Dog Mirrors

I’ve always wanted a mutt, solely because of the common endorsement that ‘My mutt was the best dog I ever had.’  Of course there are more philanthropic reasons for choosing a rescue dog, but ultimately our decision was made by the fact that our family of five could not agree on a breed.

Husband wanted to enjoy longer than two months of dog-freedom after the passing of Rex.  But the rest of us were impatient, and very convincing with our reasons for jumping back into dog ownership.  Husband accused us of engaging in ‘puppy porn’ which is a fairly accurate description of our addiction to browsing PetFinder.com.

Principessa and I would fall in love anew every day and casually leave photos of glossy-eyed puppies on the family computer for husband to stumble over.  Gradually we wore him down with four-legged cuteness and took his reduction in resistance as a green light to move forward with adoption.  When this irresistible ball of fur jumped out of its crate, husband was sold.

oakley 10.13

It was I who had second thoughts.  We had a two week return policy in case things didn’t work out.  As if.

The following weeks included two trips to the vet, three prescriptions, hypo-allergenic food, and a subscription to pet insurance for a dog who was, well, sick as a dog.  Instead of returning our damaged goods, we became even more attached and protective and committed to dog rehabilitation.  We now have a healthy, energetic, puppy and a few less shoes, rugs, and electrical cords – all lost to the chewing nuisance.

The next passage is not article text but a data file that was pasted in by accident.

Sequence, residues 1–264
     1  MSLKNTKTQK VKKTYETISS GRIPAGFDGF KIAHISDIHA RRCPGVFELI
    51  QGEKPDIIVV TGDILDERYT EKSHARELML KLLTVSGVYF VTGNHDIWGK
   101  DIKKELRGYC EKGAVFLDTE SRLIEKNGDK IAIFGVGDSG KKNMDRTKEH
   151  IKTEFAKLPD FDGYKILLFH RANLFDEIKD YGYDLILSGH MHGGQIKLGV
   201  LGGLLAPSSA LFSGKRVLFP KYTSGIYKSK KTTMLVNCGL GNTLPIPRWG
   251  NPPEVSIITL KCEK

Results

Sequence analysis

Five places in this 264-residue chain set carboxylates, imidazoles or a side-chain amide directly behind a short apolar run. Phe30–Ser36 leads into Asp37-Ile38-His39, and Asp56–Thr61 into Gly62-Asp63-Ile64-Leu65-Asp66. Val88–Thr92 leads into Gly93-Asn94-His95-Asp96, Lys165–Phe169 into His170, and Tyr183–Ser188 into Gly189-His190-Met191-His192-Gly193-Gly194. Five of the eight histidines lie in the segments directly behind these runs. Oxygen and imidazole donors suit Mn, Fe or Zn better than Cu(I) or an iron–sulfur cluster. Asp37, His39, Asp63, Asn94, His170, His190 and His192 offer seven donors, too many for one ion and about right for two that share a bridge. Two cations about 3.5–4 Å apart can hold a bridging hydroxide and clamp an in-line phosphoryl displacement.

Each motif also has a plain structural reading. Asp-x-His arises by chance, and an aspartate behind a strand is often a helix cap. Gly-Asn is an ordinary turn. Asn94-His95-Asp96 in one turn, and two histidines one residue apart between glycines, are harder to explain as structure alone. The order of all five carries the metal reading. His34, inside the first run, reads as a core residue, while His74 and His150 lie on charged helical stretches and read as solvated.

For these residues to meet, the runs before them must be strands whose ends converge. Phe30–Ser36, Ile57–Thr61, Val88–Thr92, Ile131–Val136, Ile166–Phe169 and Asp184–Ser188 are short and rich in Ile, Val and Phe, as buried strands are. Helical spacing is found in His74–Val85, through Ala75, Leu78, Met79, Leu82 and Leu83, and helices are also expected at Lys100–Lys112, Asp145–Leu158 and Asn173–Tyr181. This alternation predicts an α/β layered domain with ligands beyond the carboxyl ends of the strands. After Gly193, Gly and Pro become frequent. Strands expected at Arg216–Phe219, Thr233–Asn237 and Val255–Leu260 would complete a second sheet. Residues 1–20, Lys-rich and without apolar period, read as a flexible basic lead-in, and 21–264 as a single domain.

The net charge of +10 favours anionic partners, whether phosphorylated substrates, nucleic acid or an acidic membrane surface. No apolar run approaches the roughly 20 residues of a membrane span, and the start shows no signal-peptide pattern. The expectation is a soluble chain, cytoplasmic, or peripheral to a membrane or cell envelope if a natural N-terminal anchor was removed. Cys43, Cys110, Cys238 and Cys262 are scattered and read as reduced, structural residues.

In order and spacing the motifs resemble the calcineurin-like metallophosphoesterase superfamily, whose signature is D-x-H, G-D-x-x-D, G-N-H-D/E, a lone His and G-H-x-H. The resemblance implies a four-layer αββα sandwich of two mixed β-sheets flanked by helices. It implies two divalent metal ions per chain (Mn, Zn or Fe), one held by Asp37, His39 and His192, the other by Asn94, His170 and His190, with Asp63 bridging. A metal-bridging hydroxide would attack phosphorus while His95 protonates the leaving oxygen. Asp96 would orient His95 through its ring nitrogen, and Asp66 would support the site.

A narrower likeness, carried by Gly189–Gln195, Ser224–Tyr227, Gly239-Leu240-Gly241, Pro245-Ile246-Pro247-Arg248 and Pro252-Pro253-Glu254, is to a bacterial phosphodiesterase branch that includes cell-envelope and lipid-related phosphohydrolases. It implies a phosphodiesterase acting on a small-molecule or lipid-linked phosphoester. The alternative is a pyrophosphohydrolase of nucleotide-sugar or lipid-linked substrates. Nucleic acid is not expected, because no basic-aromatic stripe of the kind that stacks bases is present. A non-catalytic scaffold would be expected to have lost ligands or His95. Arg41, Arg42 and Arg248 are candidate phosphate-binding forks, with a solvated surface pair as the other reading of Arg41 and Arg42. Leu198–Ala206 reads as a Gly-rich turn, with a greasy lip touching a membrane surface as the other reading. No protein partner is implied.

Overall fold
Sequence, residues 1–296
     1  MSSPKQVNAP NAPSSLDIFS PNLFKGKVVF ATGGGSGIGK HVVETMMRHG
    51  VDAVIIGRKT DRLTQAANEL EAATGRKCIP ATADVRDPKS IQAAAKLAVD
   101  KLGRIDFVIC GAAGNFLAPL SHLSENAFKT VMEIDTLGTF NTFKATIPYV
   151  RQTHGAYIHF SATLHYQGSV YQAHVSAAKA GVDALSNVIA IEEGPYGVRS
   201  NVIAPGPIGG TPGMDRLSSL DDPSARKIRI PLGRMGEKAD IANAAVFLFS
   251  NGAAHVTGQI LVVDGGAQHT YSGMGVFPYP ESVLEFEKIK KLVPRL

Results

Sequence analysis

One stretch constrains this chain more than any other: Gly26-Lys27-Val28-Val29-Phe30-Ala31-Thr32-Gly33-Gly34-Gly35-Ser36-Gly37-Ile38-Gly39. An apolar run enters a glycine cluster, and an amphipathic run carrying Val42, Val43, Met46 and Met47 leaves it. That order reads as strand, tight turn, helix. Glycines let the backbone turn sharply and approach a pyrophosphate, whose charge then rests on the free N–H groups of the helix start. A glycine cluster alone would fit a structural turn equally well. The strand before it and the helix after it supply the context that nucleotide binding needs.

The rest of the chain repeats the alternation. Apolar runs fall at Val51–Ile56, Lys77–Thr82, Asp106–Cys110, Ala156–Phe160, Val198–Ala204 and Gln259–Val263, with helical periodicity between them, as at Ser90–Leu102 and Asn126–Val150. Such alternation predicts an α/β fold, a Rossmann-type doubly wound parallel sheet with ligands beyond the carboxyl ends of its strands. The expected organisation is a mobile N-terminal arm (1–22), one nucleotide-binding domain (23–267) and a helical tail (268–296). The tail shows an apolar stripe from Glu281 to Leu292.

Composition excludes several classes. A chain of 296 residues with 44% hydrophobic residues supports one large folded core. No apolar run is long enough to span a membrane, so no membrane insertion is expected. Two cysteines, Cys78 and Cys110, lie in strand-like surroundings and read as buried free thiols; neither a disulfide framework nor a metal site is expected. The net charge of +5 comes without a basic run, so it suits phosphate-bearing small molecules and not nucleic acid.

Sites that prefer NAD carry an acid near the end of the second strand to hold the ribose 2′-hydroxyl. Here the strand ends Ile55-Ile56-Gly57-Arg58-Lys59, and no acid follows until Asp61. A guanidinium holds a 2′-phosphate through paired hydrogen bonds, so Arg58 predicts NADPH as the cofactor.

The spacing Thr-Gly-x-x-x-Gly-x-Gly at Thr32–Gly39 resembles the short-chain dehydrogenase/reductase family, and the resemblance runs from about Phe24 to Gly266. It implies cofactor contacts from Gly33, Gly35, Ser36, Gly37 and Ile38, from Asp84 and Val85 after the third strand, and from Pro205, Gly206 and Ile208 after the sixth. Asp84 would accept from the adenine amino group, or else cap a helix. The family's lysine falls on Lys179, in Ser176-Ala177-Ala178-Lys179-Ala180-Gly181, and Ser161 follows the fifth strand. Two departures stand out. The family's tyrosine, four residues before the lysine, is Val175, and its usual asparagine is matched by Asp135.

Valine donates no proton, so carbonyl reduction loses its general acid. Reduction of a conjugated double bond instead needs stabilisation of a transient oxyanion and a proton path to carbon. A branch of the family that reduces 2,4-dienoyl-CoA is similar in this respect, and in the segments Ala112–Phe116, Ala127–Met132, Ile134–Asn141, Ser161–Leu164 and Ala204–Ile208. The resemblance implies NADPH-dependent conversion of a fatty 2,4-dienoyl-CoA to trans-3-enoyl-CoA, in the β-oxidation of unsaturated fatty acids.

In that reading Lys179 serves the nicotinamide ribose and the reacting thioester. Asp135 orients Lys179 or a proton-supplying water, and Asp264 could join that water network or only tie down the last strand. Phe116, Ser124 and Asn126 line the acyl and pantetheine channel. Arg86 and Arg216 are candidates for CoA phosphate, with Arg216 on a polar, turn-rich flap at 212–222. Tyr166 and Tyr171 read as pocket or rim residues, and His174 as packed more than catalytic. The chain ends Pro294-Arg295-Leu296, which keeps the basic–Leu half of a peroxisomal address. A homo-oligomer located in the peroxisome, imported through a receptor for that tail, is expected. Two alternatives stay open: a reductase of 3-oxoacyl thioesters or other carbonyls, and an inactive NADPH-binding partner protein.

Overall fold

Now, instead of worrying about ill health, we focus on ill behavior.  This, thanks to my passion for discipline.  Husband teases that by the time I’m done with dog training, Oakley will have more diplomas than the rest of the family combined.  Probably true.

On a regular basis, I haul the kids to puppy class and insist on their participation in training for good manners at home.  Principessa approached me with sincere concern that Oakley might be deaf.  “Why?” I asked.  “Because he doesn’t listen to me when I tell him to sit.” she replied.  Oh, my dear daughter.  Oakley is not deaf.  He’s a teenager.

Principessa has also complained that Oakley won’t cuddle with her.  “He’s so ungrateful.  I feed him and play with him and still, he ignores me.”  She could be me, reflecting on her.  The parallels are uncanny.

At a recent dog-training class, Peach and I discussed the common observation that dogs resemble their owners.  We giggled about the shaggy dog with the shaggy-haired woman and the aggressive dog with the angry-faced handler.  Turning the mirror on ourselves, we observed that   10-year old Peach, distracted by so many puppies in one room, had difficulty controlling Oakley’s similarly curious demeanor.

I’d like to say that Oakley is a perfect specimen at my command, thereby reflecting my own composed nature.  But in truth, when I find myself worrying that he is hyper and barky and unfocused, I have to admit that I, too, am off the rails.

Friend asked why, with a typically chaotic family life, I would want to add a dog to the mix?  Despite the ample research on the benefits of pet ownership, it resembles a crazy decision.  True, this.  But at the end of the day, five out of five Dunhams agree that dogs make us better humans.  We are more compassionate, less self-centered beings when caring for a canine.  And more importantly, when our worlds are ablaze with problems we can’t solve, there is always this…

sleeping dog 2

waiting for us at the end of the day.

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